On Divorce


A parishioner who was divorced due to physical and emotional abuse wonders about Jesus’ teaching in Matthew and if she would have the option of marrying again.

“It was also said, ‘Whoever divorces his wife, let him give her a certificate of divorce.’ But I say to you that everyone who divorces his wife, except on the ground of sexual immorality, makes her commit adultery, and whoever marries a divorced woman commits adultery. (Matthew 5:31, 32 ESV)

How do we interpret this passage and how do we pastorally apply it?

Before we can make an application to our own lives, first we need to understand the problem that Jesus is addressing. In His day a man could divorce his wife for any and every reason and all he had to do was to declare it and the marriage was over. In that era women did not have a great deal of options to have meaningful lives outside of marriage so easy divorce was the bane of women. In this defense of marriage Jesus was demonstrating God’s justice.

Second we need to understand the sin that Jesus said can lead to divorce. In the Greek it is “porneias” from which we get the word pornography. The ESV correctly interprets it “sexual immorality” because it includes homosexuality, bestiality, adultery and any other variation of sex outside of marriage. In this Jesus is protecting the sanctity of marriage where the nature of its unity is a reflection of Christ’s unity with the Church (Eph 5:25-333). Since we are to be one flesh with our spouse, to join our flesh with any other violates the covenant and destroys the image of Christ and the Church. This is no light matter in spite of how the culture portrays it.

Is sexual sin the only valid reason to end a marriage? Some say yes but others point to St Paul’s words that speak of abandonment. “But if the unbelieving partner separates, let it be so. In such cases the brother or sister is not enslaved. God has called you to peace.” (1 Corinthians 7:15 ESV) If this is so then we need to consider what actions or attitudes comprise abandonment. Without getting legalistic it would seem to open to the door to various forms of abandonment, which would require the discernment and counsel of the Church.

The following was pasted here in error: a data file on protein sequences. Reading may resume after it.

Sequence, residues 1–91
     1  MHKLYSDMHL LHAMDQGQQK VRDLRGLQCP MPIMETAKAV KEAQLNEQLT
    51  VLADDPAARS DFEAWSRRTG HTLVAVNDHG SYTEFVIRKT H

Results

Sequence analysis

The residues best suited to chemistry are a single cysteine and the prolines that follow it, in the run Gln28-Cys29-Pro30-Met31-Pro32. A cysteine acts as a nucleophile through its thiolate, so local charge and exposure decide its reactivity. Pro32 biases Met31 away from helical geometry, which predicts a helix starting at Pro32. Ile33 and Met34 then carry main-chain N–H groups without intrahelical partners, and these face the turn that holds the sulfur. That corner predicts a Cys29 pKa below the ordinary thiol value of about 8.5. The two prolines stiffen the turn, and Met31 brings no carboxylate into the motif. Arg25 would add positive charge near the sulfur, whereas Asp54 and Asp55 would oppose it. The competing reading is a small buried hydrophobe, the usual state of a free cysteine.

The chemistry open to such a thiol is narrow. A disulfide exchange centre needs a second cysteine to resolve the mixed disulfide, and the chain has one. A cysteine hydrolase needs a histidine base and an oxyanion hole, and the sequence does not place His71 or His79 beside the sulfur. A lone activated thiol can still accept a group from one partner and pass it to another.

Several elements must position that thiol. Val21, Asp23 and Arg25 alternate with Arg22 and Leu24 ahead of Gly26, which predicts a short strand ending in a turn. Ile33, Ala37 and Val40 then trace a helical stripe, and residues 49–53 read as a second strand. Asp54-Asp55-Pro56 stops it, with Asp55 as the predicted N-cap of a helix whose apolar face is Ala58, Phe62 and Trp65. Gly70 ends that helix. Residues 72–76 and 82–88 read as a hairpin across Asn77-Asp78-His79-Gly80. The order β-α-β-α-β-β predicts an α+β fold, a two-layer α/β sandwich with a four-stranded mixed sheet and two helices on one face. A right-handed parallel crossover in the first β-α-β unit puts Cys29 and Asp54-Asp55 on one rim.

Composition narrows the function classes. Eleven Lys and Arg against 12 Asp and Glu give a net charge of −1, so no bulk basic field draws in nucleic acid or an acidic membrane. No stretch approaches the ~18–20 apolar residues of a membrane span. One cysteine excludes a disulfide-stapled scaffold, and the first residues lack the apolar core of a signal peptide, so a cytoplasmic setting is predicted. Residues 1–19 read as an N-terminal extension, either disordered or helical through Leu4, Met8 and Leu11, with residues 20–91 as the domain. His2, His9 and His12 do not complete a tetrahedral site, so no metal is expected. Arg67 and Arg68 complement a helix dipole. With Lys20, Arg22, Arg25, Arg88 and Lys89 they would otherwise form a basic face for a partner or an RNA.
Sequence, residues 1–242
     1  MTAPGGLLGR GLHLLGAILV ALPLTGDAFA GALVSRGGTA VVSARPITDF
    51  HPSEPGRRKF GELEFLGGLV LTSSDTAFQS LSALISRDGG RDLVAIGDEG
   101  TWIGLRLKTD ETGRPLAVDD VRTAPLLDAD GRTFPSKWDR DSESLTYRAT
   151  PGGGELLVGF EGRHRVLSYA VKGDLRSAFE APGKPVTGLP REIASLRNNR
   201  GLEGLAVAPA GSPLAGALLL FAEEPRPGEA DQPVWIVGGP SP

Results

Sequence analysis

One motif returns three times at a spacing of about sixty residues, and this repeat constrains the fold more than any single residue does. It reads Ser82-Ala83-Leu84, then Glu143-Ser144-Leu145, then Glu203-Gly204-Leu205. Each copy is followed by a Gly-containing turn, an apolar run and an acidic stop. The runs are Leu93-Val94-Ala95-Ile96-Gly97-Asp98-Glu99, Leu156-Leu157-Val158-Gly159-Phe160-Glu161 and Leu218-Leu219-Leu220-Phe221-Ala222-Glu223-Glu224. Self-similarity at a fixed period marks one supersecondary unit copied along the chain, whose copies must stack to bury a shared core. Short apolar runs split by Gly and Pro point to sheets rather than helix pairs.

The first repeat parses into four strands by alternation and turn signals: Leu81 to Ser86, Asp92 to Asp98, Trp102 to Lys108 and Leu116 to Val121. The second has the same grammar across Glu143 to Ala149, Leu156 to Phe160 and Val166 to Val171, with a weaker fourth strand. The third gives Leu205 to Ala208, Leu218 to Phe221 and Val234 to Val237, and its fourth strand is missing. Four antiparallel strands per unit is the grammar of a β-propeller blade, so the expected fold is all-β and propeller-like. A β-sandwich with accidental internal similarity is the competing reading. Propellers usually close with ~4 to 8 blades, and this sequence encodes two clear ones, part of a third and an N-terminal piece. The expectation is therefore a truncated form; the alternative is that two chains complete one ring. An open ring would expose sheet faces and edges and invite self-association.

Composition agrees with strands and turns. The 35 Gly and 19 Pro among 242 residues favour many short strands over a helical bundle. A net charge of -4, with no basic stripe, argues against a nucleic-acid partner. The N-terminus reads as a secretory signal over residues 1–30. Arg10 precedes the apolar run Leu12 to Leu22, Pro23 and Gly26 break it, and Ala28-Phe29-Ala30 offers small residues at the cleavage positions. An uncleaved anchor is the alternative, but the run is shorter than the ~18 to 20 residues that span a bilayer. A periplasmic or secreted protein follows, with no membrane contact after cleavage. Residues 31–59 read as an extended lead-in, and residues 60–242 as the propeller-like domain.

When I was first in ordained ministry I faced a very difficult situation related to this. A woman who had a three year old daughter came to me because she was concerned for her daughter’s safety. Her husband was addicted to pornography and had moved deeper into his addiction by now consuming child pornography. She asked my counsel. My struggle was that technically he had not touched the girl so had he broken the covenant? Did his addiction equal porneias? Even more the point, were we supposed to wait until he destroyed his daughter’s life before we acted?

I called him into my office and confronted him about his sexual addiction but he took the route of it being a victimless “crime” so he saw no problems with it. He ignored my warnings and he refused to repent. I concluded that this was an abandonment of the marriage because he was choosing pornography over his wife, and since the kind of pornography that he was consuming was setting the scene for abuse, that it was time to act. I counseled the wife to take her daughter and get as far away from his as humanly possible and not consider returning until he had repented and sought treatment. It was a heartbreaking thing to see a family come apart but it seemed to me that the protection of that little girl was our highest priority.

A third thing that should be addressed about Jesus’ words. While divorce except for sexual immorality (and possibly abandonment) is a sin, is it the unpardonable sin? No. Jesus tells us that there is only one sin that is unpardonable and this isn’t it. So if a person has a marriage fail, it should be treated as any other sin. They move forward by admitting the sin, repenting of it and purposing to amend their life.

Before a priest can perform a marriage of someone who has been divorced he must counsel the couple and together with them seek permission from the Bishop. This is usually done in a letter that explains why the last marriage failed, why it is believed that this marriage will succeed, and a statement of faith. They also must give assurance that all previous responsibilities are met and that this is a life long commitment. I also STRONGLY suggest that he or she or both make a sacramental confession concerning their divorce so that the slate can be cleaned, the door to the past sins shut, and the mercies of God carry them into their future. In fact I encourage someone who had biblical justification for divorce to also make a sacramental confession because I have never witnessed a failed marriage where it is 100% one partner’s fault. We have an Advocate who is the propitiation for our sins so we should not hesitate to come before the throne of grace. This strikes the balance of upholding marriage as a sacrament while not making divorce a permanent scarlet letter.

2 thoughts on “On Divorce

  1. thank you so much for this wonderful and clear teaching on Divorce. My mother is a Roman Catholic that stayed in an extremely abusive marriage and still is married to her dying days because she did not want to be excommunicated as she definitely would have been in the 60s and 70s. We, her children, were not protected for horrendous crimes over two decades of suffering. So many people need to hear this message.
    Divorce is not God’s best plan nor the heart of desire for marriage, but abuse definitely breaks the marriage bond when a person is non-repentant and not willing to seek rehabilitation or therapy to stop abusing.

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